As the Frankfurter Allgemeine Zeitung (FAZ) reported at the end of last week with reference to the German government, the Federal Economics Minister Peter Altmaier is striving to create a European cloud network. More specifically, small providers from the cloud sector should join forces by creating an open network and therefore providing Europe with computational power. As a source for this information, the FAZ cited an internal paper of the Minister, according to which a European data infrastructure is the goal. The German government continues to plan to assume a central role as a user of the European cloud. The decision whether the project initially named “Gaia-X” should be founded as a company, foundation or association currently still remains open.
Considering the current dominance of US cloud providers the advance of Mr. Altmaier is not very surprising. At the moment many companies in Germany as well as the state itself often fall back on services from American providers – the cloud environment is currently being dominated by Google, Amazon and Microsoft. However, the fact that the use of these services can be problematic in terms of data protection and data security for users has long preoccupied companies and authorities in this country. At least since the so-called CLOUD Act came into force in March 2018 many organizations face a real dilemma, because in practice this is not compatible with the EU’s current GDPR, but strongly contradicts it. The US-law, called the “Clarifying Lawful Overseas Use of Data Act”, is a further development of the Patriot Act of 2001, which regulates the disclosure of personal data of US companies to American authorities. Since March last year, IT companies – for example in the cloud sector – are legally required to grant access to stored data on demand even if it has been stored outside the USA. This even applies if local laws at the place of storage prohibit disclosure. The fact that the GDPR states that companies may not disclose their information stored in the EU without a mutual legal assistance agreement therefore poses major problems for commercial users of US cloud services. Particularly with regard to the sensitive penalties under the General Data Protection Regulation of up to 20 million euros, or four percent of the annual turnover, companies should carefully consider this situation and only use solutions that guarantee conformity with the European law.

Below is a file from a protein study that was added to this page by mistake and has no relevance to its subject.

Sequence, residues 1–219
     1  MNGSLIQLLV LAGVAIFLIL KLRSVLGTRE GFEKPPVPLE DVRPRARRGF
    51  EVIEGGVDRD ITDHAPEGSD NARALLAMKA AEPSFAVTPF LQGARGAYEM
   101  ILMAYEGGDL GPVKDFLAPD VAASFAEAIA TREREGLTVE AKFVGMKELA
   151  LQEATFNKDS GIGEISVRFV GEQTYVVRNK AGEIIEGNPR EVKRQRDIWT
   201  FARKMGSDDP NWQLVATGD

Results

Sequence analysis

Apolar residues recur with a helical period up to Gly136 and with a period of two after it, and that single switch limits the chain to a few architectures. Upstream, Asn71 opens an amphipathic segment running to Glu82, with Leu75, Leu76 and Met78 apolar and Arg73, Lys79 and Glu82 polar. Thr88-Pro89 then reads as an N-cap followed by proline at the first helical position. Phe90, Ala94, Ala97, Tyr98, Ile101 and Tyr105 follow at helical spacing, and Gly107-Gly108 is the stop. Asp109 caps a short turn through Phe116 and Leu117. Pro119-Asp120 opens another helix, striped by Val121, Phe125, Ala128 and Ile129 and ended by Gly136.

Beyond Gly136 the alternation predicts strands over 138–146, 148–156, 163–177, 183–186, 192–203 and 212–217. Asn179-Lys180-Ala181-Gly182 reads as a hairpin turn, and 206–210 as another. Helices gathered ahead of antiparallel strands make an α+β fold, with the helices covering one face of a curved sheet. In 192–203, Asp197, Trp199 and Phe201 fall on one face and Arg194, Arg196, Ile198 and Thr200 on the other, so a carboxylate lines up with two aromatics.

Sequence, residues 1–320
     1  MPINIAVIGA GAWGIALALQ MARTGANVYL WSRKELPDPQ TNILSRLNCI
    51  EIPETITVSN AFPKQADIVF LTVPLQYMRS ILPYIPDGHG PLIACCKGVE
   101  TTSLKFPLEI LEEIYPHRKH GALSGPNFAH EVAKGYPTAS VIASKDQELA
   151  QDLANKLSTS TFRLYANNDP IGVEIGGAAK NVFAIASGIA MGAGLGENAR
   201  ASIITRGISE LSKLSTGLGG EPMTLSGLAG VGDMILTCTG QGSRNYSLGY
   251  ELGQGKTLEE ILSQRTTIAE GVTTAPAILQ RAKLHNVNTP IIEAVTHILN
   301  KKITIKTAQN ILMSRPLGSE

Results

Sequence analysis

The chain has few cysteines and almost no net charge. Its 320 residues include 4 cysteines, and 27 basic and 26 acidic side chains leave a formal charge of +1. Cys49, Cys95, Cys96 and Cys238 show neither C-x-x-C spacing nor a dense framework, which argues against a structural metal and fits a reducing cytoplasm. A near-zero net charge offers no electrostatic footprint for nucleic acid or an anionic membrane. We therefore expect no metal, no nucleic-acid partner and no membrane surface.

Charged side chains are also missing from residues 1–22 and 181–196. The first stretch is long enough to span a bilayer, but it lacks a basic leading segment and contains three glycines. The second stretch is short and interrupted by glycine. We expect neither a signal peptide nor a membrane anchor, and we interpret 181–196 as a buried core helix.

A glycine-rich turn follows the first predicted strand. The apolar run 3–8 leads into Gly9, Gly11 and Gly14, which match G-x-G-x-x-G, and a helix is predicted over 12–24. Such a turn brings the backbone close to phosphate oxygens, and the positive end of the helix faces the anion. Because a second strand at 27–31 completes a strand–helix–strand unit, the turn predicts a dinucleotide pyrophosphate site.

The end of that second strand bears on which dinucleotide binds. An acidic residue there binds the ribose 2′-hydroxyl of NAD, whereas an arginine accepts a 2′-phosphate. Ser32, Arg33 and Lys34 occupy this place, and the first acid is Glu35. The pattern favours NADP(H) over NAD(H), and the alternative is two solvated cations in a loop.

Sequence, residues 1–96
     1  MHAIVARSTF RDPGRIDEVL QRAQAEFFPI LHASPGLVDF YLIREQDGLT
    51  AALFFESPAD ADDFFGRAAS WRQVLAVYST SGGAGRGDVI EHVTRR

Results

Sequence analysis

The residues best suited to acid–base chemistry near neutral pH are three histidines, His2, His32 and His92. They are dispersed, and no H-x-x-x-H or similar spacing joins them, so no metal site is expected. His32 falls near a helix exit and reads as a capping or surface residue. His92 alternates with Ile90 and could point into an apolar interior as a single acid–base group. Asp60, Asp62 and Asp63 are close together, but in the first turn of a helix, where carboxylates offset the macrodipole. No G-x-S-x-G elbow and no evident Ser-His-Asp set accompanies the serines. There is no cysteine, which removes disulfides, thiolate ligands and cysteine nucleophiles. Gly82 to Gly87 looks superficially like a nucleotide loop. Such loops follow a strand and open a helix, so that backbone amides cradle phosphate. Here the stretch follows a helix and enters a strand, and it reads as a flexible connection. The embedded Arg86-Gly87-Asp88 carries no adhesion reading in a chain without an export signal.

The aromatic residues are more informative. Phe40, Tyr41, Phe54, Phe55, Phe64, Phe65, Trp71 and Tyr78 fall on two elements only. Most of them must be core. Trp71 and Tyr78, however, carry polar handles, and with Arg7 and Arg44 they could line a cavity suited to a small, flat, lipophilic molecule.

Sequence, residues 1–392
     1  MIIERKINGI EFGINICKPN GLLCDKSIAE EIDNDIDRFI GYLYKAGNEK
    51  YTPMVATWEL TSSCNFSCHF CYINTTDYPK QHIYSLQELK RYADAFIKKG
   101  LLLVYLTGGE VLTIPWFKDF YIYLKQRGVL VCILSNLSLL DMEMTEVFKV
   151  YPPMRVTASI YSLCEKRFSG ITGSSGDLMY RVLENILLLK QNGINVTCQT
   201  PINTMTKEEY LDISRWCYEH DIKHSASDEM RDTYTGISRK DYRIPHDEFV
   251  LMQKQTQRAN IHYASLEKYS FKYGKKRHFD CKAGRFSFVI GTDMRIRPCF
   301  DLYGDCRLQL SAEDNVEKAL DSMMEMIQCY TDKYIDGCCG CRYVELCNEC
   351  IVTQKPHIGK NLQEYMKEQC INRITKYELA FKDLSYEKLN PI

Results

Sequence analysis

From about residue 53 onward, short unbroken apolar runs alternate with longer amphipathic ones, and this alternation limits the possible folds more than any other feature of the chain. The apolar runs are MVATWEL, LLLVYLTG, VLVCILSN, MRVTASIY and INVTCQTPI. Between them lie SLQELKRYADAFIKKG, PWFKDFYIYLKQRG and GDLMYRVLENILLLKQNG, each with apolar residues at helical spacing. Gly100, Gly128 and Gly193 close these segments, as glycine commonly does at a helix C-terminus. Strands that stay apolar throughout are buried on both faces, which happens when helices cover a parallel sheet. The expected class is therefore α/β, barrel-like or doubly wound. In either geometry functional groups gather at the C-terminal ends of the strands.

The advance of the Federal Economics Minister should be welcomed, since Gaia-X has the potential to create a real force to counterbalance the current dominance of US cloud providers. Since ultimately their use can lead to massive problems in the fields of data security and data protection for companies. To keep the sovereignty over their own data, companies should not take risks when choosing a suitable solution and ideally choose software “Made in Germany” with European server locations. Providers from this area must comply with strict German data protection laws, guarantee compliance with regulations such as the GDPR and preserve digital freedom thanks to data sovereignty.